When it comes to sports cars, the classics remain RWD and I’ll always have one in my garage.
All Wheel Drive (AWD)
AWD generally indicates a car that has all four wheels driven at all times. AWD systems split torque from front to rear, with “commuter” AWD cars giving most of the power to the front wheels and “sporting” AWD cars favoring power to the rear wheels. As Audi proved in racing circles with the debut of Quattro AWD, sending power to all four wheels allows drivers to get on the gas earlier and can even correct a lot of novice driver mistakes.
On a race track, AWD cars are much more confidence inspiring than either FWD or RWD platforms. FWD and RWD cars teach you hard lessons at the limit, but AWD cars will rarely rap your knuckles with a wooden ruler unless you do something really stupid.
Once you learn an AWD car’s balance, it’s pure driving bliss to lightly drift all four tires in a corner.
The downsides to AWD are increased purchase cost, higher maintenance and repair costs and lower fuel mileage. The benefits of increased traction are well known to drivers of Mitsubishi Evos, Eclipse GSXs, Subaru STIs, Audi Quattros and Porsche Carrera 4s. Most manufacturers even offer grocery getters in AWD, so even drivers who’ll never turn a wheel on the track can benefit from this kind of platform.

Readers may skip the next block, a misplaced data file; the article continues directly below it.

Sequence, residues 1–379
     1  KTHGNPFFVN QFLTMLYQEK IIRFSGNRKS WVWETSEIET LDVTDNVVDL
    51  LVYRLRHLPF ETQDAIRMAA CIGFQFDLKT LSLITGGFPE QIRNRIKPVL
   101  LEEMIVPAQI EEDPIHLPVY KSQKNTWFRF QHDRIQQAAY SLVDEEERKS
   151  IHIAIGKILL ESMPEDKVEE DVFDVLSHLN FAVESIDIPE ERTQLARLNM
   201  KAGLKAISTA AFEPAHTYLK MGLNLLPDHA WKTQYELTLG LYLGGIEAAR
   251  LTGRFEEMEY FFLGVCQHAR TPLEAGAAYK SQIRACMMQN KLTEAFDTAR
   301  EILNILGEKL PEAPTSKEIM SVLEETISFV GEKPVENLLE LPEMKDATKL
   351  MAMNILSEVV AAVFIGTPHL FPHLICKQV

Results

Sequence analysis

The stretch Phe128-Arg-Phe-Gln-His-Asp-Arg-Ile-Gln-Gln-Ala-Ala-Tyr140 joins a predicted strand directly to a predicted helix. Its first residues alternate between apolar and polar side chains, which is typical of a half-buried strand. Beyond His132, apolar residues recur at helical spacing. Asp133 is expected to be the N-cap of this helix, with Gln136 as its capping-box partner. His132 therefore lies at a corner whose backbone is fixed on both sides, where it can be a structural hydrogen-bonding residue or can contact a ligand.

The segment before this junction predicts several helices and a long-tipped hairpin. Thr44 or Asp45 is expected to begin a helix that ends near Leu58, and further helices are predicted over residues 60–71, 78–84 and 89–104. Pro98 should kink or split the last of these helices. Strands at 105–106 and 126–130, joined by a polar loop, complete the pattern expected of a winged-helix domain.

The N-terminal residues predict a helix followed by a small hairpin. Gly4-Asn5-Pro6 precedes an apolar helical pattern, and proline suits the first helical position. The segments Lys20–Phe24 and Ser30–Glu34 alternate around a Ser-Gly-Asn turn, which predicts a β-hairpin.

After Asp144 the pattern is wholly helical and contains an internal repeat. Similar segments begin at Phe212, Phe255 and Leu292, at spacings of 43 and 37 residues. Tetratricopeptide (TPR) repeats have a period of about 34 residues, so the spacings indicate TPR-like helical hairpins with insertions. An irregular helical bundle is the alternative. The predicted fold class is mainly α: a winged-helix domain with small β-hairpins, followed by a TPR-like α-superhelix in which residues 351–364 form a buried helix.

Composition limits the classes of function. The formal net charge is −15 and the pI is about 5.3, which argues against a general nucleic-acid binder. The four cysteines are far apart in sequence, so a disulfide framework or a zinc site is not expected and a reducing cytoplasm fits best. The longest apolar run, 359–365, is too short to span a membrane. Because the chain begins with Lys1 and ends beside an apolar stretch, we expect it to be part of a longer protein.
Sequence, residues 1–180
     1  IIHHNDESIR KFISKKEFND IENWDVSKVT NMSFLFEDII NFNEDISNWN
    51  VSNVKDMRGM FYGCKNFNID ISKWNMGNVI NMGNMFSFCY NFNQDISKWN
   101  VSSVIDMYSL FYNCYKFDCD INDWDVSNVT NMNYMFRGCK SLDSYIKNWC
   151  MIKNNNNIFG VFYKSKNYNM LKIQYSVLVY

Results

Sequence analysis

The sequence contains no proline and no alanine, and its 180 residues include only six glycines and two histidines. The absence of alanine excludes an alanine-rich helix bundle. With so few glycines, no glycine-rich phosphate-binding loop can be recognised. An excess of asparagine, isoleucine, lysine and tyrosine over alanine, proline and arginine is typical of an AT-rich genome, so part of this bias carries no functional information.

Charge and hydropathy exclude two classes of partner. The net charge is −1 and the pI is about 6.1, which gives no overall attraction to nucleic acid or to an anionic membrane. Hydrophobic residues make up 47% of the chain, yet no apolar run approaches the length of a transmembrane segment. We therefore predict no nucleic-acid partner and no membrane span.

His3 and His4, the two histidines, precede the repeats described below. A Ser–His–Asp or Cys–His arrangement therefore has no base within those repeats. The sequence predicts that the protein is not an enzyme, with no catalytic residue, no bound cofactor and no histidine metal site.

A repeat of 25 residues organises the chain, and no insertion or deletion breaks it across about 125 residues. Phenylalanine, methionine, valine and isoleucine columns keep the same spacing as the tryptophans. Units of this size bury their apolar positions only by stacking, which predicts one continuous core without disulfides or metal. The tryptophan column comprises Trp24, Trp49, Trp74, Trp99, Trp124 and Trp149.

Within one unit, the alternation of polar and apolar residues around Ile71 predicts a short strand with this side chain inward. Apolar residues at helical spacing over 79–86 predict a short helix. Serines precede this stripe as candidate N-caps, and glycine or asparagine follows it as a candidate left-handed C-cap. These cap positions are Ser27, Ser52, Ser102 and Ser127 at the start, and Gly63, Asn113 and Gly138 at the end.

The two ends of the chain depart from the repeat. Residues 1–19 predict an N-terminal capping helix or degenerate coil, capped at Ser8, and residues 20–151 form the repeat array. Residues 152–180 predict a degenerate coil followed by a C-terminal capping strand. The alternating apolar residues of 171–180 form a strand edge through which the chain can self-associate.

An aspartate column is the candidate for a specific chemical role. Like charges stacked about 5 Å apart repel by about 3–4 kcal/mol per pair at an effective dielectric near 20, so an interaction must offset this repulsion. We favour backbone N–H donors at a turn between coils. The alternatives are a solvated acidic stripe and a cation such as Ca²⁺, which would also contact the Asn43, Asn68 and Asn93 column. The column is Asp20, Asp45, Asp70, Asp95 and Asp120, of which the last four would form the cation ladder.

Four Wheel Drive (4WD)
Four wheel drive generally indicates a rear wheel drive drivetrain that can be shifted into four wheel drive when conditions demand. This is the system most often found on pickup trucks or SUVs with genuine off-road capabilities, and it has the benefits of both a rear drive and all wheel drive layout. Vehicles with 4wd systems car usually switch from RWD to AWD while moving, enabling the driver to increase traction as needed. Most 4wd systems have several gear ranges as well, allowing trucks to haul heavy loads over steep and rough terrain.
The downside to 4WD systems is that they require input from the driver to engage power to all four wheels. Most 4WD drivetrains aren’t meant to be used on dry pavement, as the front differential can’t accommodate inside and outside wheels turning at different speeds when the vehicle is in 4wd mode (the front differential remains open in RWD mode, allowing the vehicle to be driven on dry pavement with no issues). As with AWD, there are more components to maintain and replace, but you don’t get the fuel mileage penalty of an AWD system.
If you absolutely, positively need to get from point A to point B in any kind of weather, 4WD is the best way to stack the deck in your favor. If you’ll never take your truck off road, and simply want better footing for winter (or wet weather) driving, then AWD should work just fine for you.